The lion is one of the most sought-after safari species, and one of the most impressive to observe. Living in prides of around 15 individuals, lions adhere to strict social structures. Groups consist of related females and their cubs, who are often born around the same time and raised communally. New mothers, however, will live in dens with their cubs for the first few weeks, moving them one by one to a new den every few days to avoid building up a scent which would attract predators. A new male taking over a pride will often kill all cubs, and mate with each of the females.
The male’s distinctive mane plays a role in making it look much larger and more intimidating to other lions and spotted hyenas - the lion’s main rivals. It is the lionesses, however, who are responsible for around 90% of the hunting, doing so in coordinated groups which can allow them to pursue larger species such as buffalo and giraffes as well as smaller antelope. The kill is not shared evenly, however, and only the larger prey is brought back to the pride, making survival difficult for cubs during times of hardship.
Information sourced from African Wildlife Foundation http://www.awf.org/
The striking leopard is one of the hardest large species to observe in Uganda, thanks to its nocturnal, solitary behavior and well-camouflaged coat.
Their survival is partly due to their adaptability to warm and cold climates and ability to climb trees while carrying heavy prey - keeping it safe from other predators such as lions and hyenas. They can run at incredible speeds of up to 58 km (36 miles) per hour, and hunt antelopes and monkeys as well as fish, birds, insects and reptiles.
Historically, leopards were hunted for their beautiful fur; loss of habitat is now their greatest threat.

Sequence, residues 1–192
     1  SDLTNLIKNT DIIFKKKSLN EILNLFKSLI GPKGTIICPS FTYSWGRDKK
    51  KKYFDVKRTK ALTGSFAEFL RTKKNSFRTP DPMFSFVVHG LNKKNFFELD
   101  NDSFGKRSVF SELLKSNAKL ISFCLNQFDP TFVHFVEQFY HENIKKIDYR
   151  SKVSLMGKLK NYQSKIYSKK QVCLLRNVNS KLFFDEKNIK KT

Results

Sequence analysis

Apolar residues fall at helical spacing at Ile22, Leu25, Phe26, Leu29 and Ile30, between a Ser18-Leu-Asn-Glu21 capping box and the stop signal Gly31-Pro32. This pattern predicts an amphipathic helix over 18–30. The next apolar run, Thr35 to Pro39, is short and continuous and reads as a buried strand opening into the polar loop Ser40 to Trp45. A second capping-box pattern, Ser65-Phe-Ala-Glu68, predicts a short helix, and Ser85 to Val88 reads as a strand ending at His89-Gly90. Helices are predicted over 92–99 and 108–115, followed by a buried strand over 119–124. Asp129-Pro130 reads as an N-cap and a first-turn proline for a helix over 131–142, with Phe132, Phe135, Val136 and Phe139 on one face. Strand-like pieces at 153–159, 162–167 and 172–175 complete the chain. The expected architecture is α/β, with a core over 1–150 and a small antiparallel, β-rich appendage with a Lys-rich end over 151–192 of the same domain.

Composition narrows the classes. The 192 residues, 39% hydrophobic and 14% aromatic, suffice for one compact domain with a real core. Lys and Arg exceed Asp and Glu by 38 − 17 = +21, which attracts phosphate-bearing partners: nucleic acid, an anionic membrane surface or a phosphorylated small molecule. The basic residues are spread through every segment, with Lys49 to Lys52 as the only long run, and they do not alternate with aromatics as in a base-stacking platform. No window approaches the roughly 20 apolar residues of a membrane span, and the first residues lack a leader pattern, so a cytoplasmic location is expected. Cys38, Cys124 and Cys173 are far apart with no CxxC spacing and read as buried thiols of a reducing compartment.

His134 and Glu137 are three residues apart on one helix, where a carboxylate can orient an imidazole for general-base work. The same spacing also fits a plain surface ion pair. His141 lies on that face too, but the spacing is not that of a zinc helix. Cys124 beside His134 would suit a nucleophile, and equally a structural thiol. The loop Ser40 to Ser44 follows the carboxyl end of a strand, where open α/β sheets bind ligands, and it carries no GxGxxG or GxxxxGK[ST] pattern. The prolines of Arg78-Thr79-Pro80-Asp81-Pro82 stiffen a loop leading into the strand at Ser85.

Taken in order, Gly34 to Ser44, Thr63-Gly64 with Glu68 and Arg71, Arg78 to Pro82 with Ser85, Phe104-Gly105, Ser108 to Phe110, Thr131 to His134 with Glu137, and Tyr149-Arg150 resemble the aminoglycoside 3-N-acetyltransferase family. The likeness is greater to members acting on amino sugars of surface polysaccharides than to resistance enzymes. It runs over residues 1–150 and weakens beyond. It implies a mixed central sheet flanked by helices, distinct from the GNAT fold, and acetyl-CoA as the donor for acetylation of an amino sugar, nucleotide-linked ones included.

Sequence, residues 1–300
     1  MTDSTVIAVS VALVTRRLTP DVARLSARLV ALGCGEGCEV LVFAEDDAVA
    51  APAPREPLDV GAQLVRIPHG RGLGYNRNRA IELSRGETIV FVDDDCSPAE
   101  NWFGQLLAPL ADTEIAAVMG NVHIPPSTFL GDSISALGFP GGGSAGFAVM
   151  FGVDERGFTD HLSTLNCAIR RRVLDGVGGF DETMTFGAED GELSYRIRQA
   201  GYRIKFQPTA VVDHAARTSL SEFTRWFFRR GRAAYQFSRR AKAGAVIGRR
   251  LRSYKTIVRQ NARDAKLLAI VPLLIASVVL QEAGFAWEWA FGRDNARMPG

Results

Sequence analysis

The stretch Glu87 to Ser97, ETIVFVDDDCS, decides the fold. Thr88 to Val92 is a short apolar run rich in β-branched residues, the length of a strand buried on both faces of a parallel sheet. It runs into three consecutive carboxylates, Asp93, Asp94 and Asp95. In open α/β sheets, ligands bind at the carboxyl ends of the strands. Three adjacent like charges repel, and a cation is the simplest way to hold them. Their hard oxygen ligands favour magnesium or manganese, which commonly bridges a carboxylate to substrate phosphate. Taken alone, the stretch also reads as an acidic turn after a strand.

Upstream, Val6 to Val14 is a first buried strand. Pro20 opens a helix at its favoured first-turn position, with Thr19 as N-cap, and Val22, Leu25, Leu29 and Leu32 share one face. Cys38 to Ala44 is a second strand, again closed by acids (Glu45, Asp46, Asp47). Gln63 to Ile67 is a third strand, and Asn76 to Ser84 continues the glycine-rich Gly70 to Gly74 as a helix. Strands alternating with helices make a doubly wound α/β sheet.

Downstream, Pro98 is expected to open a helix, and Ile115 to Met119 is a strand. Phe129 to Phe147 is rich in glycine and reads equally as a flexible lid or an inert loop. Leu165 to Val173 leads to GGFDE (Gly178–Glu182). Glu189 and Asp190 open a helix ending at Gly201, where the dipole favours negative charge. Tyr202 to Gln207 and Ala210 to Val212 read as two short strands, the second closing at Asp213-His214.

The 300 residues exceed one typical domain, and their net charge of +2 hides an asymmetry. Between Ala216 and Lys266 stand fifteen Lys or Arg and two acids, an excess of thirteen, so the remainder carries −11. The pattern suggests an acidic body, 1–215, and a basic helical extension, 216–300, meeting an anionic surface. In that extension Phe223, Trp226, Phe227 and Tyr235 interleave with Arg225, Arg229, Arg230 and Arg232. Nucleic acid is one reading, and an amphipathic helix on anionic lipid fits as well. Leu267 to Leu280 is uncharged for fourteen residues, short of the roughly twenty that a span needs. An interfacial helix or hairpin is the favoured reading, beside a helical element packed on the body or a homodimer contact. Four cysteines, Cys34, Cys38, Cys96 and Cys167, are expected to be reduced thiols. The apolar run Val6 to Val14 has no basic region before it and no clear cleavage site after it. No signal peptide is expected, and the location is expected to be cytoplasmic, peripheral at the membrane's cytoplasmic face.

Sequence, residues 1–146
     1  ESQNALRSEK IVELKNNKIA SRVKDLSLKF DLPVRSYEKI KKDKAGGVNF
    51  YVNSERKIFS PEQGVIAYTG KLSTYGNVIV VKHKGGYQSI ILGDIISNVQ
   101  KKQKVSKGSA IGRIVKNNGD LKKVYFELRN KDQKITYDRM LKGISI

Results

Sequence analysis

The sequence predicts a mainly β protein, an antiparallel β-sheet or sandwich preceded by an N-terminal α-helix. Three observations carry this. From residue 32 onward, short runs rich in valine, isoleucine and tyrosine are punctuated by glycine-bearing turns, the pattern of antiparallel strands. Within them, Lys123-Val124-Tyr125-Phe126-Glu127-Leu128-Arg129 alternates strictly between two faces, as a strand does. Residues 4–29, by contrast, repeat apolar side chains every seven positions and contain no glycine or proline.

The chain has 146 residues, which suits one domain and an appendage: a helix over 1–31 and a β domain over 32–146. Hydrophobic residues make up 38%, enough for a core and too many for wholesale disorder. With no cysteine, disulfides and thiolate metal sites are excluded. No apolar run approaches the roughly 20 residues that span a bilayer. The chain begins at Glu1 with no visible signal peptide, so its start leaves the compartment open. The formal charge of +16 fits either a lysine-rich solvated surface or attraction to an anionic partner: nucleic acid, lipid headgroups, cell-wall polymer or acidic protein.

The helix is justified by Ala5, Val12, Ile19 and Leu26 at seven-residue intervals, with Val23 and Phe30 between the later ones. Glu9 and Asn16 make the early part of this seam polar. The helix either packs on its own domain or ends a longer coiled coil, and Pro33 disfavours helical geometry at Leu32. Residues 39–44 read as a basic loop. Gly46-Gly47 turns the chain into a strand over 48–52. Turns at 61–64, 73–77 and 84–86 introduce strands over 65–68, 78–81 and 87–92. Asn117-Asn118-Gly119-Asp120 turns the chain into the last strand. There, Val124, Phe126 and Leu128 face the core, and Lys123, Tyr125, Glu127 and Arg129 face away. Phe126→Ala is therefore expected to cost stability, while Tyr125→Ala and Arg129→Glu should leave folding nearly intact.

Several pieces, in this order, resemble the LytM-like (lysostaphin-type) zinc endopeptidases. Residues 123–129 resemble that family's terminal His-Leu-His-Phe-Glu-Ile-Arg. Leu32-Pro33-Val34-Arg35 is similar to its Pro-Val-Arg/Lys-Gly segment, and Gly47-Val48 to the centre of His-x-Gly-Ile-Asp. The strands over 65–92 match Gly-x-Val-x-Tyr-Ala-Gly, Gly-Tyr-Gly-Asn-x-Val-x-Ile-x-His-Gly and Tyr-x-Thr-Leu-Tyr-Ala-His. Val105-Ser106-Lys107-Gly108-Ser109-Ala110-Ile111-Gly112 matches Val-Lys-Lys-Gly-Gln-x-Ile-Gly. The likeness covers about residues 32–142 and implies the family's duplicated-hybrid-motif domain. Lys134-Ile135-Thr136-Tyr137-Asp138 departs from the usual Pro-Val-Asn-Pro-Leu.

Information sourced from African Wildlife Foundation (Link to http://www.awf.org/
Uganda is home to many different primate species, with Kibale National Park containing the highest density in all of Africa. As well as the chimpanzee and gorilla, the black-and-white colobus, red-tailed monkey, grey-cheeked mangabey, l’Hoest’s and blue monkeys, and olive baboons can be seen during game drives, launch trips or nature walks, along with smaller nocturnal species such as the bushbaby and potto. Mgahinga National Park also contains one of the last remaining habitats of the endangered golden monkey.
Black-and-white colobus monkeys are among the most frequently spotted species. The name “colobus” means “mutilated” in Greek, as, unlike other primates, they are lacking thumbs. The troops of 5-10 individuals are easily seen in the branches as a result of their striking coloring - black with long white hair running from the shoulders to rump, and white tufts at the ends of their long tails. Infants are born pure white.
The dog-like baboons live in large groups and are regularly seen along roadsides where they wait to ambush cars in search of food. They spend more time on the ground than most other primate species, but sleep in trees at night. If water is scarce, they can survive for long periods by licking the dew from their fur.
Information sourced from African Wildlife Foundation (Link to http://www.awf.org/)